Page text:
©2015 Melissa Tamberg-Heffron, as first published on Scary Mommy

woman-holding-stomach-in-pain

Last year, my long-standing love/hate relationship with my ovaries came full circle: I had a complete hysterectomy on my oldest son’s birthday. Eighteen years to the day earlier, my lady parts had obviously played a starring role in my firstborn’s introduction into the world. Three years after that, they functioned equally well in the creation of son number two.

But then a few years later, without warning or cause or justification, they turned on me.

“You have a small cyst on your right ovary,” my gynecologist mentioned casually during my annual exam, as if informing me of the weather forecast.

I burst into tears.

At 32, I was in the midst of tentatively navigating my first few months of post-divorce existence, a newly minted single mom caring for two kids under the age of 6. At the same time, I was working full-time from home and struggling to hit my stride with a rash of sudden and sole responsibilities, from carpools to trash takeout to even trapping field mice who mistakenly assumed they had the right to occupy my newly constructed condo. I seriously could not handle one more thing. Especially not the kind of thing that disconcertingly started with the letter “C”—cyst and cancer, in my mind, were one and the same. “Don’t worry,” my doctor said comfortingly. “The vast majority of these things go away completely on their own.”

But mine didn’t.

And so began a 12-year sparring match with my obstinate ovaries, which ultimately yielded five cysts, four abdominal surgeries, one surprise baby and a multitude of invaluable life lessons. Here’s a few of the most meaningful:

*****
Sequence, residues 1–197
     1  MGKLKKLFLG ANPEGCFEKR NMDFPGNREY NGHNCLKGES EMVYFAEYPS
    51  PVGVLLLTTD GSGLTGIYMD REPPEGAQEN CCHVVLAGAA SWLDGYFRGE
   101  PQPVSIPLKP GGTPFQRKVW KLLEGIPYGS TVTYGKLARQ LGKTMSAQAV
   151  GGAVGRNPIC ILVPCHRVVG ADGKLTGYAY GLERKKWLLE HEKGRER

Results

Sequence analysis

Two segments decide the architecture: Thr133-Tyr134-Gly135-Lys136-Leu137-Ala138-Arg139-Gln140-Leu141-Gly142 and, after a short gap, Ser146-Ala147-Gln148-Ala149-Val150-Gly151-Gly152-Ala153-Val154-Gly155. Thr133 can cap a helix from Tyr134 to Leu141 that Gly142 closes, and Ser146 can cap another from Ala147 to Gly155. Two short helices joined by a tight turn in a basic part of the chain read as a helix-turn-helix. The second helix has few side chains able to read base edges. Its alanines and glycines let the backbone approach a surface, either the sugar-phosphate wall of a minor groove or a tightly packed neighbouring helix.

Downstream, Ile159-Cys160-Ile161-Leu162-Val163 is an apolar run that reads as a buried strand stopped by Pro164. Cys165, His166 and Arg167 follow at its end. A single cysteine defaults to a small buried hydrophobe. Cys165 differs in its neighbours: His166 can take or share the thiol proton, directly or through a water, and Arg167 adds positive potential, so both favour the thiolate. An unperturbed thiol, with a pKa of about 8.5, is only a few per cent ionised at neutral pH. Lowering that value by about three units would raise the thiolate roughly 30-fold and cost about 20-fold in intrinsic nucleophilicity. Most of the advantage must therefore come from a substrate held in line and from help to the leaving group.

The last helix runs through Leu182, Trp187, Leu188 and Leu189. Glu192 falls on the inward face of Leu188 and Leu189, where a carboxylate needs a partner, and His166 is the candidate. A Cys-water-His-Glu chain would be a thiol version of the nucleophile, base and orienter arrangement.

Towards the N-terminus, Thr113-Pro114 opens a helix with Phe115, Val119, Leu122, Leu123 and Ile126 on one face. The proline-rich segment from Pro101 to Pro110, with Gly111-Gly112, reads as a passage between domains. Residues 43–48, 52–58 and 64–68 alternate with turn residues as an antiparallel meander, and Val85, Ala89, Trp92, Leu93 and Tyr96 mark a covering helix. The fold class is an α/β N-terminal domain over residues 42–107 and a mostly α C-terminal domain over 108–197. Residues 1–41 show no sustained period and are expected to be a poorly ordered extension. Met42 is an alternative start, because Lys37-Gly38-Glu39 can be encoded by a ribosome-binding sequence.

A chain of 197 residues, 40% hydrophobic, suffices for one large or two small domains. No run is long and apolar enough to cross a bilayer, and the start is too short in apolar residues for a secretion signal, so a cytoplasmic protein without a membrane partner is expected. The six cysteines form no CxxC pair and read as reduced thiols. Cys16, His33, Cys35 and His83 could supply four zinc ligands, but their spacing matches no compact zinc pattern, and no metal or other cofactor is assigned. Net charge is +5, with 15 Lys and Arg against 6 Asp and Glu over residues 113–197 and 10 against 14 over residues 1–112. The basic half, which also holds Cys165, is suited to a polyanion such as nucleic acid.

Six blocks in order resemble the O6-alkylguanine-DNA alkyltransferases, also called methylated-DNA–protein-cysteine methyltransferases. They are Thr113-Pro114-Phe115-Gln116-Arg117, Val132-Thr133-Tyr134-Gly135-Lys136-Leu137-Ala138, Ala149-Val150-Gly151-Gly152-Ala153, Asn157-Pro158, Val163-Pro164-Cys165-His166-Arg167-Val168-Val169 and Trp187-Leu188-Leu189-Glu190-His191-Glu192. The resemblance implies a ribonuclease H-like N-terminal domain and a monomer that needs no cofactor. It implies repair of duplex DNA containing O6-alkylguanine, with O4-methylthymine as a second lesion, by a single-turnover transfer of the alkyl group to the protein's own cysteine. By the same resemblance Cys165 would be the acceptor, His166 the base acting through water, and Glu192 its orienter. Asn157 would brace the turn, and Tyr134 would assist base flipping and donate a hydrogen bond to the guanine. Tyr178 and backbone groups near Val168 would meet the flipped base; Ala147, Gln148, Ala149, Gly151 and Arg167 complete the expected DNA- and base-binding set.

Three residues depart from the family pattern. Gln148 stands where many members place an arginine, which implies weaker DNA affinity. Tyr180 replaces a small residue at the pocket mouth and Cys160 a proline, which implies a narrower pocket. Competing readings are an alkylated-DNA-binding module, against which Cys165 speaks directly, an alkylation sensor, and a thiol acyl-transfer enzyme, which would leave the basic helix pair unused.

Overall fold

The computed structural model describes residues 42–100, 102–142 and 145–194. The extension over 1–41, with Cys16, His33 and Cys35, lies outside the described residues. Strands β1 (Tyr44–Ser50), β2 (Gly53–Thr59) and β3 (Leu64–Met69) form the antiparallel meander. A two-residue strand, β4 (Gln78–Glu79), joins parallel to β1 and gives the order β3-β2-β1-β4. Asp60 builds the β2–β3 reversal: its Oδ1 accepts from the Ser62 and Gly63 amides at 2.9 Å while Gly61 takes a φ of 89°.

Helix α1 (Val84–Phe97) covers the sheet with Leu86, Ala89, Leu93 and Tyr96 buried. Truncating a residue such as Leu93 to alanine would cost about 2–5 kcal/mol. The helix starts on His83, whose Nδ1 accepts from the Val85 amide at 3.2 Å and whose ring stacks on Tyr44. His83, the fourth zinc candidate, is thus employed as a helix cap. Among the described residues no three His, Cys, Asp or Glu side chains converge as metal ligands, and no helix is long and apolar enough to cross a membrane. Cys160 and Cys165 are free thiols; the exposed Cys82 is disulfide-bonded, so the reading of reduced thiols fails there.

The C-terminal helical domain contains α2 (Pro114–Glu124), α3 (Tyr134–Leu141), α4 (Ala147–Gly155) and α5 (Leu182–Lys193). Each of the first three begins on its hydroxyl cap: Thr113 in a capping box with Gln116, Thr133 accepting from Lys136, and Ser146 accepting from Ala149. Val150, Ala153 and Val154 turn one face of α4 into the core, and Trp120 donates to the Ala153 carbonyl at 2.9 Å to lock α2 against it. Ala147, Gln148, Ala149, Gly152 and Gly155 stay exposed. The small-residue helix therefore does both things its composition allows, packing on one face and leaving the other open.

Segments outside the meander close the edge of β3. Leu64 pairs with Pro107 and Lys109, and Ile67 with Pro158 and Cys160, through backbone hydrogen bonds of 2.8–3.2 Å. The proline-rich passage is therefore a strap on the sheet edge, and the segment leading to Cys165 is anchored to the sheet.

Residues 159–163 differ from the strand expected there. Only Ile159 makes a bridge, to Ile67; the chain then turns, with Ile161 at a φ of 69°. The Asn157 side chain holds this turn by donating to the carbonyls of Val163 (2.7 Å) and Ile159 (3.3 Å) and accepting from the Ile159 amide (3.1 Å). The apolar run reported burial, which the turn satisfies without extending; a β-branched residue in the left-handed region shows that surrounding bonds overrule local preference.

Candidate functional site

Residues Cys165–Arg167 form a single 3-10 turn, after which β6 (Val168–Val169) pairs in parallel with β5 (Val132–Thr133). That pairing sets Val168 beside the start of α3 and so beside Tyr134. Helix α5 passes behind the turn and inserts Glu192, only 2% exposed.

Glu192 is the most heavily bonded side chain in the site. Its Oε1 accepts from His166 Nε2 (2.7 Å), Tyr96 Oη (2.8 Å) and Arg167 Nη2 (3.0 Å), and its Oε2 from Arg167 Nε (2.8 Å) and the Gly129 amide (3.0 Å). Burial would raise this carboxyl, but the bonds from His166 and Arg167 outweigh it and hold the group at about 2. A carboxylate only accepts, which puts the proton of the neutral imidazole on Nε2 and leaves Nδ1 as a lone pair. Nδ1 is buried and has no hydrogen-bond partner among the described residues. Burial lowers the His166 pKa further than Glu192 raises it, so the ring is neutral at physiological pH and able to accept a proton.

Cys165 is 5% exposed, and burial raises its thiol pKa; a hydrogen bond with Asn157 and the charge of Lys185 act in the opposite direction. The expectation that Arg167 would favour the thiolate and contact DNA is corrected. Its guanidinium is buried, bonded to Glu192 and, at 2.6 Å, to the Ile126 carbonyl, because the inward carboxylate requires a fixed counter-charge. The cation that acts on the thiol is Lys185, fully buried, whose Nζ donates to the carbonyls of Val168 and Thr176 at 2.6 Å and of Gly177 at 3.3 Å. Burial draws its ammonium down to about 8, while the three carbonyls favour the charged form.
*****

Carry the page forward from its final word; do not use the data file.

1. Things don’t always go as planned. Not only did my cyst fail to run its course within a few monthly cycles as my doctor had predicted, but it also subsequently flipped the bird to her ensuing form of attack: jacking me up on mega doses of birth control pills that rendered me a hormonal nightmare. Even more, despite ovarian cysts being portrayed throughout my extensive research as most often “painless and unnoticeable,” mine hurt like hell, incessantly tugging at and searing my insides like a freaking tiki torch.

The nuisance was yet another reminder that, despite my most carefully constructed aspirations and painstaking preparations, reality had zero qualms about biting me in the ass as it twisted and veered down its own path. I had a choice: either meander as gracefully as possible along the new course being charted, or be dragged kicking and screaming the entire way (and I’d be lying if I said I didn’t experiment with both approaches).

2. What doesn’t kill you makes you stronger. Through several months of ultrasounds to gauge the growth of my cyst and repeated failed courses of the Pill, I could feel myself inching closer and closer to the dreaded surgical table. I was absolutely terrified of going under the knife, in part because of a history of life-threatening allergic reactions to multiple drugs, which was only magnified by the unbelievably untimely news of a coworker’s mom having died from an anesthesia complication during a routine knee surgery.

But with the cyst continuing to lurk like a gynecological ghoul, I ultimately had no other alternative. To minimize the anesthesia risks, my doctor opted to perform a laparotomy using a spinal epidural (essentially like having a C-section) as opposed to the more routine and much less-invasive laparoscopy, which can only be done under general anesthesia. In the weeks leading up to the surgery, images of my boys being left motherless played Ring Around the Rosie through my mind, taunting me relentlessly. But I’ll be damned if I didn’t feel like Super Woman when the procedure was finally complete and the cyst was confirmed to be benign. I knew if I could get through that, then I could get through anything. (I had no idea how quickly that declaration would be put to the test.)